What Are the Notice Requirements? Another set of recent amendments to the Sick Time Act, which are not waiting for the Mayor's signature and are already a part of the Sick Time Act, require that employers provide their employees with a written notice of rights under the Sick Time Act at the commencement of employment or by May 1, 2014, whichever is later. This new notice requirement means that New York City employers will need to provide such written notice to all current employees by May 1, 2014. The New York City Department of Consumer Affairs (the "DCA") will create a model notice that employers can use. The notice must be provided both in English and the employee's primary language (provided that the DCA has made a translation available in such language). It is expected that the DCA will publish model notices before April 1, 2014. In addition to distributing the notice to all current employees by May 1, 2014, beginning April 1, 2014, employers should add the Sick Time Act notice to their standard paperwork packet that is provided to new hires.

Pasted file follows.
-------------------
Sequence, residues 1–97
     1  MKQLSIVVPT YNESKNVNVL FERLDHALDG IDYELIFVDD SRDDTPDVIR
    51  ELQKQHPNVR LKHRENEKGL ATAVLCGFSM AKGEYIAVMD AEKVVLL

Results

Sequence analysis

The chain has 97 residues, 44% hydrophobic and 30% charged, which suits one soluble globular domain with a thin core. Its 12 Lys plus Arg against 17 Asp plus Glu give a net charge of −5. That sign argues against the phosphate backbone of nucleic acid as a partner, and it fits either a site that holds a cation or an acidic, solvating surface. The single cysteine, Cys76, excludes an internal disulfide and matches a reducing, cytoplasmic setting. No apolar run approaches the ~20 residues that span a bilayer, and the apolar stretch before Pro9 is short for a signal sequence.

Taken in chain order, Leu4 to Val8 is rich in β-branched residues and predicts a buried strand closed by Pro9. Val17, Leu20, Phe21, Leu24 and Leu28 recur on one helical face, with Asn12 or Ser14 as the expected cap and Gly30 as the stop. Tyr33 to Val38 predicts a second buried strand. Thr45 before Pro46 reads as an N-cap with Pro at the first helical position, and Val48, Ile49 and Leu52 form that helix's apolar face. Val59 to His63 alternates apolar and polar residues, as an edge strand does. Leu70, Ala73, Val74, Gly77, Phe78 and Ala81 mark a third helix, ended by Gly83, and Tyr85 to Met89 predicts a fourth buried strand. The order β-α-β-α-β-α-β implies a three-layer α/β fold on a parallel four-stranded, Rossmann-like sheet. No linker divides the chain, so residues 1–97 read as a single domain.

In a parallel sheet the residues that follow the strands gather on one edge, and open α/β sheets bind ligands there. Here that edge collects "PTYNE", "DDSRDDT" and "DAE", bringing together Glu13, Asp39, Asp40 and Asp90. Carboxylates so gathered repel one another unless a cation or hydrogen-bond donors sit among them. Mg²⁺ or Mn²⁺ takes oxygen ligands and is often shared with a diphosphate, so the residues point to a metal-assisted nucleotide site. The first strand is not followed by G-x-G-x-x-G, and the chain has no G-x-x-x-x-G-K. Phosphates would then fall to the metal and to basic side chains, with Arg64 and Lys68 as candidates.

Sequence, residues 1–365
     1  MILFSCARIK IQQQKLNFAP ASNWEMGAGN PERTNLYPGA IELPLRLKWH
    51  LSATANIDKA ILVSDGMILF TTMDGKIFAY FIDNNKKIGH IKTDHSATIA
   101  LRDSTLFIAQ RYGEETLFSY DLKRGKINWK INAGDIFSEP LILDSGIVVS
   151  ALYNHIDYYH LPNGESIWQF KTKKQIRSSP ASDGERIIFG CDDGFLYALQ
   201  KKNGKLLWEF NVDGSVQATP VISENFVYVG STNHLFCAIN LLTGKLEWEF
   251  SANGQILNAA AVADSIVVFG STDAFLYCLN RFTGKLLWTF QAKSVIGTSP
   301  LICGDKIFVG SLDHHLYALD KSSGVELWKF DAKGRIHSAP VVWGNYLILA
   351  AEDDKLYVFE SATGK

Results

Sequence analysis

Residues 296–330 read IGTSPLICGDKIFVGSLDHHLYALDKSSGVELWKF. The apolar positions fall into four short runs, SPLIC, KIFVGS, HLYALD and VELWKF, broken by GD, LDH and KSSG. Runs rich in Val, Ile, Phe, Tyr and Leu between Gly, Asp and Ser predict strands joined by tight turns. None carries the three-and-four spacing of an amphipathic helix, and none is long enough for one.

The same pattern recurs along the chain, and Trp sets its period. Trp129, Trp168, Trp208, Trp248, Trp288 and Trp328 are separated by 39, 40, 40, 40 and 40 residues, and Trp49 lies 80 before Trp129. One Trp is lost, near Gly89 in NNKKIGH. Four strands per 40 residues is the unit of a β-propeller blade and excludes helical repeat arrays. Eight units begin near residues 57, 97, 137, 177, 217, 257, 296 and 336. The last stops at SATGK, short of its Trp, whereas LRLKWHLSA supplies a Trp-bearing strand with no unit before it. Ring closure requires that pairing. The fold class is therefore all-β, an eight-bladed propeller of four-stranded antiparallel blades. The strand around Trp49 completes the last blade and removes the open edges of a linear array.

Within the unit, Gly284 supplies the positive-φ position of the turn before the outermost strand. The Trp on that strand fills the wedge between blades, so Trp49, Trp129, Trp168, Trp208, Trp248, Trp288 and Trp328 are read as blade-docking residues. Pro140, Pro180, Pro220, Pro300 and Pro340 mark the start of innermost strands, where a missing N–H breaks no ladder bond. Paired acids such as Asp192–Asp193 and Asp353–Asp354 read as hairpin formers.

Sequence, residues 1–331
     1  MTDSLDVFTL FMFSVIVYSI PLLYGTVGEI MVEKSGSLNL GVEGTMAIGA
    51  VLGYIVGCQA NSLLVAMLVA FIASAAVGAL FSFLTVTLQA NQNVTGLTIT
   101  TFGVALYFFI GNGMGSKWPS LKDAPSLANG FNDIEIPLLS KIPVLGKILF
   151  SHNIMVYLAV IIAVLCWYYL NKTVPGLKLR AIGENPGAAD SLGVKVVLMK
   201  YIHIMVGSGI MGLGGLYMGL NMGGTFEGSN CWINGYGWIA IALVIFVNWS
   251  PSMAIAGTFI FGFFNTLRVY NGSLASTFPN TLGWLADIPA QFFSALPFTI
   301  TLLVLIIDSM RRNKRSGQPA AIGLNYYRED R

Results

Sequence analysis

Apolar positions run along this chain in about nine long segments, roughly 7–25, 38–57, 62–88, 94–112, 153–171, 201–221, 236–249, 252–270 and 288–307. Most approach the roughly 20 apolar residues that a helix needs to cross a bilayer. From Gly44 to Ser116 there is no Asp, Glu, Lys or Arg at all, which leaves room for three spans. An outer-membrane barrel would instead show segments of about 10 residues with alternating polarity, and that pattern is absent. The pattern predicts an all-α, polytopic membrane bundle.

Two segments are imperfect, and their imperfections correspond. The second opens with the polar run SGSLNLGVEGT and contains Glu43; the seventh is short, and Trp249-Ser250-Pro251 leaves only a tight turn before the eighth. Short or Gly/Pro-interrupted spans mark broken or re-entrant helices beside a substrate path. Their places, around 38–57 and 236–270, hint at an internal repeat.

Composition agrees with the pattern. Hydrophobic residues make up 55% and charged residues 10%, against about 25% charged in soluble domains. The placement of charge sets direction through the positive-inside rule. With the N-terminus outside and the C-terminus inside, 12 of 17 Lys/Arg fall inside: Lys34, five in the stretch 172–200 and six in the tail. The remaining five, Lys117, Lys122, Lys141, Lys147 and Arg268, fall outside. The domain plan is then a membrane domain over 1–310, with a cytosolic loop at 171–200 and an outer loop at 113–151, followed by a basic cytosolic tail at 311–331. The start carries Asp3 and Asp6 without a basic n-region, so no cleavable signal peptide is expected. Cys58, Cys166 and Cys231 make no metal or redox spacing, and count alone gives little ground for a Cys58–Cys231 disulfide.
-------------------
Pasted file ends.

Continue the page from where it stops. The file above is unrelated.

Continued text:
All New York City employers should review their sick time policies now, in advance of the April 1, 2014 effective date, and make any necessary updates or changes to comply with the Sick Time Act. Those New York City employers without a sick time policy should give serious consideration to adopting one in advance of April 1, 2014. Those employers who also operate in other jurisdictions will need to decide whether to extend New York City's protections to the remainder of their workforce. Finally, those employers who also operate in other jurisdictions that have their own "sick leave law" (such as Washington, D.C.) will need to develop separate policies or coordinate a single policy that complies with multiple laws.